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Sheikh Zayed, Cairo, Egypt.
La Scala: El Gouna’s Popular Italian Diner Comes to Cairo's Arkan Mall
With its outstanding selection of food covering Greek, Mexican to Swiss and Italian cuisines, El Gouna is known to be one of the best places for food enthusiasts. As soon as we heard the news that Gouna's Italian restaurant and pizzeria, La Scala, had opened their second branch at Sheikh Zayed's Arkan Mall, we could hardly wait to try it out.
La Scala has a simple interior design with dominant black white and red colours, simple seating arrangements, two prep stations, black and white portraits and an overall calming vibe. While the indoor area was very hot and the AC didn't work, the weather at the outdoor area was fantastic – except a little ruined by an army of annoying flies.
We kicked things off with Insalata Tropicale (40LE); cubes of Gouda cheese, chicken, pineapples, peaches, oranges, bananas and cocktail sauce, the latter basically tasting like plain yogurt. The combination seemed an interesting one, but the flavours were unbalanced and it seemed like the Gouda cheese and chicken accidently fell into a fruit salad bowl.
We then decided to stick to pure Italian dishes with Spaghetti Con Vitello (195LE) and La Carbonara (89LE) which were far from disappointing. The former came in the form of five pieces of perfectly cooked veal medallions lying over a bed of perfectly cooked spaghetti with generous amount of fresh sautéed mushrooms. The exquisite mushroom sauce had an earthy flavour to it and would've been flawless had the veal not lacked seasoning.
Aside from the off-putting slices of red pepper and that the otherwise well-cooked bacon was cut into huge pieces, the spaghetti of the La Carbonara was cooked to perfection and the whole dish was rich in flavours, while the consistency of the sauce was on-point.
We finished our meal with Nutella Pizza with Bananas (27LE). As a soft and thin pizza crust smothered with Nutella and slices of bananas, this dessert was just moreproof that chocolate and bananas are one of the most underrated kitchen couples.
Overall, we had a fantastic time at La Scala, from the delicious food to the friendly staff. The restaurant delivers a promising start in Cairo. Let's just hope they keep it up - the hardest challenge of all.
Even though we have an endless amount of Italian restaurants in Cairo, we can all agree that only a few are able to do it justice – to make it truly authentic. Not only does Tavolino achieve this, but it goes a step further.
From the outside, the Zamalek restaurant, which is located off of Aboul Feda Streey, might seem very small, but it’s surprisingly spacious. Interior wise, it has a very simple yet chic appearance; white brick walls with a touch of wood, black and white frames, and triangular mirrors stand out, despite the almost overly yellow lighting.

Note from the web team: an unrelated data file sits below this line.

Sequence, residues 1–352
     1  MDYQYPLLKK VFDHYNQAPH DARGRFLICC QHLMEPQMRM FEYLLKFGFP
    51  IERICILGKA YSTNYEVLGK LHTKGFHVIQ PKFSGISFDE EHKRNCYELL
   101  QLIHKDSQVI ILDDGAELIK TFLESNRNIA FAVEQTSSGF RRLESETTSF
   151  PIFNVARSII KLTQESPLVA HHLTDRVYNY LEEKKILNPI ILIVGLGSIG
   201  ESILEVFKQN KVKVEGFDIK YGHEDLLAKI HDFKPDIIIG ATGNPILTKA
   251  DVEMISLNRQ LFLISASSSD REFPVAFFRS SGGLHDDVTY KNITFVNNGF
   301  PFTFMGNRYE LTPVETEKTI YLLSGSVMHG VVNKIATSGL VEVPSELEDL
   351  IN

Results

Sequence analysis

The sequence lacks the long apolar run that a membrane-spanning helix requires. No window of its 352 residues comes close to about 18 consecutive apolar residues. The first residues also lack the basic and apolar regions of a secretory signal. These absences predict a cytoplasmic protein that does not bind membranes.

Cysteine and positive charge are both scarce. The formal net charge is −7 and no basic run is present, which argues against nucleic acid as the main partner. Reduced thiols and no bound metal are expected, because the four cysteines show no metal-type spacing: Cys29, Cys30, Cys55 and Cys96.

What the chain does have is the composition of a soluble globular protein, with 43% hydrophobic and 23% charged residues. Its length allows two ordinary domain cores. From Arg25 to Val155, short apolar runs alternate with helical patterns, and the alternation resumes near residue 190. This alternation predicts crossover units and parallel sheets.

Moving to food, we started our meal with Cannelloni (70LE) from the restaurant’s ‘New Italian Cuisine’ menu, which adds twists to Italian classics. Six pieces of perfectly cooked cannelloni are stuffed with chicken and spinach, covered with melted mozzarella cheese and then topped with marinated tomato – similar to marinara sauce – and pesto sauce. A side of creamy gorgonzola sauce added a nutty flavour with a fantastic deep aftertaste and the dish showed Tavolino to be masters of art of flavour matching.
Another item we tried from the ‘New Italian Cuisine’ menu was The Tenderloin in the Wood (235LE); a perfect medium-well tenderloin steak laying on a phyllo-like pastry that’s filled with sautéed mushrooms, spinach and onions, and served with sweet garlic sauce and an exquisite sweet and savoury blueberry-and-onion jam. This dish left us speechless; not only was the steak on its own bursting with Italian herb flavours, but the addition of the crunchy texture from the mushroom pocket with the unique sweetness of the jam merged with the sweet garlic sauce created an outstanding dish.
Deciding to go back to the basics with our last choice, we went with Risotto Alla Pescatora (120LE). Rich, creamy, and well-seasoned, it had spot-on al dente texture; mixed with well-cooked shrimps and mussels, the dish was close to perfect, but for the overcooked, mushy crab and rubbery calamari.
Another thing that kept Tavolino from getting a perfect score was the fact that, at the time of our visit, only the Ice Cream & Sorbet (50LE), which is 3 scoops of Movenpick ice cream, was available.
But that was just a side note to a great meal; we were surprised by Tavolino’s one-of-a-kind flavours, particularly those on the ‘New Italian Cuisine’ menu, which certainly helps separate it from the crowd with a unique identity. Tavolino isn’t just another Italian restaurant.